He was the oldest Vietnamese Trotskyist still alive. He arrived in France in 1939 with the 20,000 ONS (ouvriers non specialises – non specialised workers) that the colonialist government had requisitioned to replace the workers sent to the military front.
In 1942 he was imprisoned for three and a half months in the prison at Sorgues for "Communist propaganda" although it was only the following year that he joined the Fourth International. While coming out of prison he came across a young Vietnamese, Dang Van Long, who had committed the crime of signing a petition against the commandant of his camp. Long become his best friend and 4 years later joined the Fourth International also.
From 1945 Khoi participated in the activity and then in the leadership of the Parti Communiste Internationaliste (Internationalist Communist Party, French section of the Fourth International) and with some compatriots they set up the “Vietnamese Trotskyist Group in France” first as members of the PCI and later as members of its successor organisation, the LCR. Two Vietnamese members, of whom he was one, were elected to the Executive Committee at the 5th Congress of the Fourth International in December 1957.
I was very affected by the first Vietnam war which I had campaigned against from 1947, joining the Jeunesses Socialistes (the social democratic youth organisation, which was unaware of the Trotskyist nucleus developing within it). After their dissolution by the Socialist leadership, I joined the French Communist Party and remained there, after having joined the Fourth International in 1956. It was in the 1960s that I met Khoi, who we knew by his pseudonym, Robert. Attracted by his culture, his charisma, his kindness and his internationalist spirit, I joined the Vietnamese Group of which I was the sole “white” member.
Our weekly meeting took place at his residence on rue Saint-Ambroise in the 11th arrondissement of Paris and it was truly thanks to him that I developed a passion for Vietnam which I have had the chance to visit 5 times. The first two were the most interesting since they took place during the US war, in 1967, in the context of the “Russell Tribunal”. Knowing that I was in the PCF (which I only left in 1970), the North Vietnamese took me down to the 17th parallel (the border with the US occupied South), which was rare for foreigners. Then a trip was organised for me among the guerillas in the South. The Vietnamese Group brought out a review in their native language, “Nghien Cuu”, of restricted circulation. We decided collectively in 1986 to end production and publish a quarterly review in French, “Chroniques Vietnamiennes”, but as the cover read “Edited by the Vietnamese Trotskyist Group in France (LCR)”, Robert wrote nearly all the editorials under the name HA CUONG NGHI.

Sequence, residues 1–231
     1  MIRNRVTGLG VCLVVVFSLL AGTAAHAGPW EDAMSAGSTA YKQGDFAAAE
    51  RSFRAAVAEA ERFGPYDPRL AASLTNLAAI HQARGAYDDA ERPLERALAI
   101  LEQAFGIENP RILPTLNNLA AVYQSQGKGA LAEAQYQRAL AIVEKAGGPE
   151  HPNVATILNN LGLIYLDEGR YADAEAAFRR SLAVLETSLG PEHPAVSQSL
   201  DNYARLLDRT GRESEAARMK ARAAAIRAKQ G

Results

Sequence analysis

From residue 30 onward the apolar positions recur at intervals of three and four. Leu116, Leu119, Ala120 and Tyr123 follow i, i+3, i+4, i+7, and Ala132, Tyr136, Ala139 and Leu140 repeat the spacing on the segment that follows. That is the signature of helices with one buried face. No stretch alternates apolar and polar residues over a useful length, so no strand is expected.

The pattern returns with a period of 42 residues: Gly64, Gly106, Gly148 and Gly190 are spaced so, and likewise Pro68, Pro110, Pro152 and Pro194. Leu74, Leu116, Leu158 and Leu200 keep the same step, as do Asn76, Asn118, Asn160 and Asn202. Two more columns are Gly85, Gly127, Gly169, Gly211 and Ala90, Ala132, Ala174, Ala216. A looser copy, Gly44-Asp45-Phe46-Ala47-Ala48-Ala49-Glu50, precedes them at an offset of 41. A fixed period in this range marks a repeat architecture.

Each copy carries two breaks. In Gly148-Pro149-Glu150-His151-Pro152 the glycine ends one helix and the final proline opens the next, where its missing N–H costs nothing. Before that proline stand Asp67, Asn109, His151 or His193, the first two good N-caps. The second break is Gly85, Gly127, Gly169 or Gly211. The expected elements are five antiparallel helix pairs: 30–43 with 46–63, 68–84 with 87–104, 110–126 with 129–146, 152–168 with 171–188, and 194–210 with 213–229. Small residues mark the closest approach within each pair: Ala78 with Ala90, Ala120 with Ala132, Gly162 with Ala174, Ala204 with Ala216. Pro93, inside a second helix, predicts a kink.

I wrote sometimes under my own name and sometimes as BUI-THIEN-CHI. This review appeared from September 1986 to the summer of 1991, with a print run of 2,000 copies. A special number came out in autumn 1997 with an article written by Robert (under his real name) in 1992: “Who killed Ta Thu Thau and the Vietnamese Trotskyists?” A special dossier on the subject had been printed in 1987. I should also say that after my return from Vietnam in 1967, at the request of health minister Pham Ngoc Thach, we created a Franco-Vietnamese Medical Association (AMFV) for urgent health aid. I was very active until 1973. Of course Robert was neither a doctor nor a nurse but his advice was very precious to us.
I should add that in the 1970s and the 1980s the Fourth International went through a heated debate on the danger of bureaucratisation of Vietnamese society on the model of the countries of "actually existing socialism”. A number of comrades thought (and hoped) that given the exemplary struggle of the Vietnamese CP this risk was “avoidable” and that there would not be a “crystallisation” of a bureaucratic caste as in the USSR or the Peoples Democracies. Robert and his comrades were of the opposite opinions and affirmed that Vietnam was already under a “bureaucratic dictatorship". It is enough to read one of their texts, written in French in 1976 and published in 1985 in “Nghien Cuu”: “La bureaucratie au Vietnam”. I participated under the name of L. Couturier. In 2001 his dear friend Dang Van Long died at the age of 82. Robert wrote a moving text paying tribute to him, which was read at the funeral in Montreuil. Its conclusion seems to me the best way to say goodbye to him also: “On this day of mourning and sadness, if I recall some memories, it is to tell you how dear your friendship was to me. Your death is a great loss for us all. We have lost a comrade, a friend, a brother. We have lost an exceptional being whose qualities will long serve us as an example. Farewell, dear brother, may your soul rest in peace!”